The FBI - Help Us Locate Additional Victims of an Online Predator:
What is sextortion? A special agent defines the crime.
Ashley Reynolds was a happy 14-year-old who loved sports, did well in school academically and socially, and enjoyed keeping a journal she intended her “future self” to read. But what happened in the summer of 2009 was so devastating that she couldn’t bring herself to record it in her diary—or speak about it to anyone.
She had become the victim of sextortion, a growing Internet crime in which young girls and boys are often targeted. Her life was being turned upside down by an online predator who took advantage of her youth and vulnerability to terrorize her by demanding that she send him sexually explicit images of herself.
After several months, Ashley’s parents discovered what was happening and contacted the National Center for Missing & Exploited Children (NCMEC). Ashley and her parents later supported the FBI investigation that led to the arrest of 26-year-old Lucas Michael Chansler, who last year pled guilty to multiple counts of child pornography production and was sent to prison for 105 years—but not before he used the Internet to victimize nearly 350 teenage girls. The majority of those youngsters have not yet been identified.
That’s why the FBI is requesting the public’s help—and why Ashley has come forward to tell her story—so that Chansler’s victims can be located and will know, as Special Agent Larry Meyer said, “that this dark period of their lives is over.”
Meyer, a veteran agent in the FBI’s Jacksonville Division who investigates crimes against children, explained that 109 of Chansler’s victims have been identified and contacted so far, leaving approximately 250 teens “who have not had closure and who probably haven’t obtained counseling and other help they might need.” He noted that Ashley is a brave person with a supportive family “and has been able to use this experience to make her stronger.” Unfortunately, that has not been the case for all the girls, some of whom have dropped out of school and tried to end their lives.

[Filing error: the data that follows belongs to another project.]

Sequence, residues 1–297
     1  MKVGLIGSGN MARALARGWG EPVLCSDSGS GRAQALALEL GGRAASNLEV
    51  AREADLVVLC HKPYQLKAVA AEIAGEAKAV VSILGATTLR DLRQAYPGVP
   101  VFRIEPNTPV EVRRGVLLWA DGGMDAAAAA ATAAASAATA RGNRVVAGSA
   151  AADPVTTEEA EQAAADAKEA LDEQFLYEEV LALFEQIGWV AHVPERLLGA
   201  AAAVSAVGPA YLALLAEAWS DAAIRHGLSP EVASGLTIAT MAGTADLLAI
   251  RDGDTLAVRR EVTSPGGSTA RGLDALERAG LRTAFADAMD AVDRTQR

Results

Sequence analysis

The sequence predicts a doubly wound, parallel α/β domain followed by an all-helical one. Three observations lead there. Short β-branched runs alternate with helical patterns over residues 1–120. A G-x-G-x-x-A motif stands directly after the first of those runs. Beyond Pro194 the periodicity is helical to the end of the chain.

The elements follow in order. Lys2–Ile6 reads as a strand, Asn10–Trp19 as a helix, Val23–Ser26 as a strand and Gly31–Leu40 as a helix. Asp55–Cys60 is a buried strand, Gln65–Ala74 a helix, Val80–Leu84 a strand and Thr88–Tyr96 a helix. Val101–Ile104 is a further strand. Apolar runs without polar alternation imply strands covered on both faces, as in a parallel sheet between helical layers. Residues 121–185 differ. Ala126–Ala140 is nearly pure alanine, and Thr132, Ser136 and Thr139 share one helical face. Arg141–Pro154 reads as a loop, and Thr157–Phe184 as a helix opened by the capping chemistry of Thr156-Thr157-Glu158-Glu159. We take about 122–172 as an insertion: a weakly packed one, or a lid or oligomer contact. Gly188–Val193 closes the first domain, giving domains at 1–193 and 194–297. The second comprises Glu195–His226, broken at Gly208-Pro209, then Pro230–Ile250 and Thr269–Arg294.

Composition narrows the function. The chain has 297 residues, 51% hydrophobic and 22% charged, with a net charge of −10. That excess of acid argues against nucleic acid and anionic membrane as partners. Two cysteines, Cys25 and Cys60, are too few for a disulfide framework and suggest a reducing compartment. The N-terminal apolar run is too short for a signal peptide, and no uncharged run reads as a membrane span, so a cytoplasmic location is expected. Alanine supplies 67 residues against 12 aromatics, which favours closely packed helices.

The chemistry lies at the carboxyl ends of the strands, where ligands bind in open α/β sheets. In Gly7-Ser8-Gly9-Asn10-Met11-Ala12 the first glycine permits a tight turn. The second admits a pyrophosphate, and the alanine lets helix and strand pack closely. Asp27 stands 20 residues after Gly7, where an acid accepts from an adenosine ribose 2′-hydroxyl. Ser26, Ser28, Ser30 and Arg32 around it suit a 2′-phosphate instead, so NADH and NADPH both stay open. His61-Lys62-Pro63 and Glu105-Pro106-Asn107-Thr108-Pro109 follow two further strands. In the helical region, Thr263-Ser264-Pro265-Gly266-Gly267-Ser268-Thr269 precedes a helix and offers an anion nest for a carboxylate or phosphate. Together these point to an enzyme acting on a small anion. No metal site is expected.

Chansler, who was studying to become a pharmacist, used multiple personas and dozens of fake screen names—such as “HELLOthere” and “goodlookingguy313”—to dupe girls from 26 U.S. states, Canada, and the United Kingdom. And he used sophisticated techniques to keep anyone from learning his true identity.
Pretending to be 15-year-old boys—all handsome and all involved in skateboarding—he trolled popular online hangouts to strike up relationships with teenage girls. In one instance on Stickam, a now-defunct live-streaming video website, evidence seized from his computer showed four girls all exposing their breasts. “The girls are apparently having a sleepover, and Chansler contacted one of them through a random online chat,” Meyer said. “These girls thought they were having a video chat session with a 15-year-old boy that they would never see or hear from again, so they are all exposing themselves, not realizing that he is doing a screen capture and then he’s coming back later—very often in a different persona—saying, ‘Hey I’ve got these pictures of you, and if you don’t want these sent to all your Myspace friends or posted on the Internet, you are going to do all of these naked poses for me.’”
Don’t Become a Victim of Sextortion
Special Agent Larry Meyer and other investigators experienced in online child sexual exploitation cases offer these simple tips for young people who might think that sextortion could never happen to them:
- Whatever you are told online may not be true, which means the person you think you are talking to may not be the person you really are talking to.
- Don’t send pictures to strangers. Don’t post any pictures of yourself online that you wouldn’t show to your grandmother. “If you only remember that,” Meyer said, “you are probably going to be safe.”
- If you are being targeted by an online predator, tell someone. If you feel you can’t talk to a parent, tell a trusted teacher or counselor. You can also call the FBI, the local police, or the National Center for Missing & Exploited Children’s CyberTipline.
- You might be afraid or embarrassed to talk with your parents, but most likely they will understand. “One of the common denominators in the Chansler case,” Meyer noted, “was that parents wished their daughters had told them sooner. They were very understanding and sympathetic. They realized their child was being victimized.”
“It went from what would be relatively benign pictures to fulfilling Chansler’s perverted desires,” Meyer said, adding that while adults know that a young person’s life is only beginning in high school, “to a 13- or 14-year-old girl, thinking that all her friends or her parents might see a picture of her exposing her breasts, the fear was enough to make them comply with Chansler’s demands, believing they had no better options.”
When FBI agents interviewed Chansler after his arrest, they asked why he selected that age group. “One of the comments he made,” Meyer said, “was that older girls wouldn’t fall for his ploy.”